Businesses have long known they have to be on social media if they want to connect with current and potential customers. Many companies have a dedicated social media person or department, managing all the social content and customer service, yet only a fraction of those businesses have a visible CEO on those same platforms. One study revealed 61% of CEOs don’t have a social media presence at all, and of the ones that do, 70% of them can only be found on LinkedIn. When you consider this against the fact that 76% of executives believe it’s a good idea to be on social media, what’s the deal?
According to a study out of Australia, CEOs in the finance sector have been able to build better reputations for their firms through the use of social media. Not only this, but they’ve been able to find better talent, and increase sales.
If you’re a CEO, no matter how big or small your company, there’s plenty of reasons for you to be actively involved in social media, for your company and for yourself. Let’s take a closer look at how you should handle it, and what it could do for your company.
Making Time for Social Media
As a CEO, it’s no doubt you’re busy with all kinds of tasks. Even if you’ve got a decent-sized team of trustworthy people to delegate tasks to, there’s still a lot you’ve got on your plate. It’s tempting to hire someone to handle your personal social media too, since you’ve more than likely got someone handling the corporate persona. But there’s something to be said for doing it yourself – there’s that human element that only you can provide, because it’s your chance to let your personality shine.
Take a look at your current schedule. What could you do to make your day more efficient? Where can you delegate tasks to another coworker? We all only have 24 hours in a day, so before you add something else to your routine, you’ll have to make sure you’ve got room for it. You don’t need to have massive amounts of time every day to dedicate to social media; taking just 15 minutes of your time to take a look at what’s going on every day is enough, and is better than nothing at all.
Start small, but go outside of the LinkedIn bubble, especially if you’re a B2C CEO. Once you’ve built your profile and following on one network, you can decide how much time you have to dedicate to that platform, and whether or not you have the capacity to add another to your roster.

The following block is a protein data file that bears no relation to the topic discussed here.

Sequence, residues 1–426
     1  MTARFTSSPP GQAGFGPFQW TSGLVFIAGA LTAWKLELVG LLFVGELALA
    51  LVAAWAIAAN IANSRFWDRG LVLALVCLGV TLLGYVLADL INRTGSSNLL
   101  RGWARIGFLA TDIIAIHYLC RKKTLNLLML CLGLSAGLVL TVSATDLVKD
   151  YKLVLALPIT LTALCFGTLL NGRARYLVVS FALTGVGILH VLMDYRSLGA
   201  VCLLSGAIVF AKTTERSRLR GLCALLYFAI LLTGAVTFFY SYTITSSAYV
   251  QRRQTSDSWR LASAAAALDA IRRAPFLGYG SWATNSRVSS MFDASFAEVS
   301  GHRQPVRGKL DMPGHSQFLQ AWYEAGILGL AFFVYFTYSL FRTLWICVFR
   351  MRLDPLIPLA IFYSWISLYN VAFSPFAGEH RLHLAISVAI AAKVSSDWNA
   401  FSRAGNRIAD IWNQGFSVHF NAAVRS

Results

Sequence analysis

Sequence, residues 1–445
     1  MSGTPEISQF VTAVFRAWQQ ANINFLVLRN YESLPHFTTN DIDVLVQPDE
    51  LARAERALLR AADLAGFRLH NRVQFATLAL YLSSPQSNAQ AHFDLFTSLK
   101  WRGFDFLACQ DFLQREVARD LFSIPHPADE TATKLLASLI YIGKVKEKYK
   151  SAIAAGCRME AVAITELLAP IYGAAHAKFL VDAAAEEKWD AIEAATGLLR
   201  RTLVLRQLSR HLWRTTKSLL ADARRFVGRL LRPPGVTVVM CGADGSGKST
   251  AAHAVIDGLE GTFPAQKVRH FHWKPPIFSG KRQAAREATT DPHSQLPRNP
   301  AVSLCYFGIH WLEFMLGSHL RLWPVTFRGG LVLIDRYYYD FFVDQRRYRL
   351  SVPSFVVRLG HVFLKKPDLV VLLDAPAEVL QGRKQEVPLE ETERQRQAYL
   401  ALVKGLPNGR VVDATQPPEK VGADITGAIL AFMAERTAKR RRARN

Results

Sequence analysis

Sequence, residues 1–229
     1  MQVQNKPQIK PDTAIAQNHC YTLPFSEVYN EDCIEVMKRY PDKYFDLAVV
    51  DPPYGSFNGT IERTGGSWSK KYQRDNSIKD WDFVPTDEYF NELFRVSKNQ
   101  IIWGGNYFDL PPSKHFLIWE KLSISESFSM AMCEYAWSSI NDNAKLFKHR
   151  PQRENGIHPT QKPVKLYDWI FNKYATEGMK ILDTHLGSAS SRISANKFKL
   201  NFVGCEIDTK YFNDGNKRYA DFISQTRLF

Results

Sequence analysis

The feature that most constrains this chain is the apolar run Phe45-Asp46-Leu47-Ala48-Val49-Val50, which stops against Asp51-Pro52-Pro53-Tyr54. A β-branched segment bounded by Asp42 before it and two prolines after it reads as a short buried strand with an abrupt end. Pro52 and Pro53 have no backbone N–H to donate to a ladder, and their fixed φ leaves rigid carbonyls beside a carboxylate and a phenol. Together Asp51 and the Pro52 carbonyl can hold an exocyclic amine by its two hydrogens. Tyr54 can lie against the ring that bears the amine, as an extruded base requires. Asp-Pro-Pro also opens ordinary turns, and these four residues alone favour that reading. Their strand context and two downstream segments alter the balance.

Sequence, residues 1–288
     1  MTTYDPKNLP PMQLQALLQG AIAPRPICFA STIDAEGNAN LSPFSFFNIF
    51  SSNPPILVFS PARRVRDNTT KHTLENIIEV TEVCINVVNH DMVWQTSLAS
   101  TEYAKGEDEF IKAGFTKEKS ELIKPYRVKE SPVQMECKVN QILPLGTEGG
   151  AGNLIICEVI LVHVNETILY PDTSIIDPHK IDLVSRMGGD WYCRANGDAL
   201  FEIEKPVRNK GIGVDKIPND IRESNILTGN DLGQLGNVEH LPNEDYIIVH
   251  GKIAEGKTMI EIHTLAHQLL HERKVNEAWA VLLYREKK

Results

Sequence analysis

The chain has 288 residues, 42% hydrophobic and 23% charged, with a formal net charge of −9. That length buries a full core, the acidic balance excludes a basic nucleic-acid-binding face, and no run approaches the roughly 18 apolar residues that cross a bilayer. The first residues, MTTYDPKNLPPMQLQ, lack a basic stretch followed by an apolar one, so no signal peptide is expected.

Where Should You Be?
The short answer is that what works for one CEO may or may not work for you. You obviously need to be where ever your customers are, or where your prospects are. If that means you’ve got to hop on Snapchat and ignore Twitter, then that’s what you should do. Since most people expect a business to be on Facebook, that’s a safe place to start.
When Should You Be There?
You should make it a point to be there every day you’re in the office, if not every day of the week. Social media doesn’t stop. In terms of customer service, users expect a response within an hour – even outside of normal business hours.
The exact time of day may or may not matter, depending on your industry. If you’re in the B2B sector, then clearly you want to catch people while they’re at work. If not, you should be working around your ideal customer’s schedule, making yourself available when they’re free after work. It’s a good idea to check in periodically throughout the day so you can talk to people regardless of time zone. And if you really want to connect, you can schedule an event, like a Facebook Live video or a Twitter chat, and invite your followers to attend.
To Automate or Not to Automate
Because time is so limited, it makes sense to automate your social media with tools like Hootsuite, Buffer, Quuu, and IFTTT, right? These tools can be a lifesaver when they are used correctly. The key is to not go to 100% complete automation, as there are dangers to this approach. Social media is about that human connection – and if you’re using social media for the right reasons – to build connections with real people, you must present yourself as a real person. That means spending some time every day “live” on each network, actually interacting with people. Respond to comments and tweets. If you completely automate your social presence, people will eventually learn there’s not really a person there monitoring the account. If you use the set and forget approach, you’re also increasing the chance that things may not always go as attended. Plus, you miss the chance to capitalize on any breaking news or industry trends that may come along in real-time.